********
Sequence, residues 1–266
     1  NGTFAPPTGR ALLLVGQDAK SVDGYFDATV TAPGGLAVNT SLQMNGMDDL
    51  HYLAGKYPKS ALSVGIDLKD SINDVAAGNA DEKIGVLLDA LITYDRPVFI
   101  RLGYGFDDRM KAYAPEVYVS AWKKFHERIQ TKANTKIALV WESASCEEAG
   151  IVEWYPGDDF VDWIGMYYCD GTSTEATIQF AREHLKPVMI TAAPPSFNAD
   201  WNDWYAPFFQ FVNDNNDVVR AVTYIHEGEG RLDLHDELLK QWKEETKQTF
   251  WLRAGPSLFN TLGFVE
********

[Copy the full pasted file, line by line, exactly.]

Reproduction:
Sequence, residues 1–266
     1  NGTFAPPTGR ALLLVGQDAK SVDGYFDATV TAPGGLAVNT SLQMNGMDDL
    51  HYLAGKYPKS ALSVGIDLKD SINDVAAGNA DEKIGVLLDA LITYDRPVFI
   101  RLGYGFDDRM KAYAPEVYVS AWKKFHERIQ TKANTKIALV WESASCEEAG
   151  IVEWYPGDDF VDWIGMYYCD GTSTEATIQF AREHLKPVMI TAAPPSFNAD
   201  WNDWYAPFFQ FVNDNNDVVR AVTYIHEGEG RLDLHDELLK QWKEETKQTF
   251  WLRAGPSLFN TLGFVE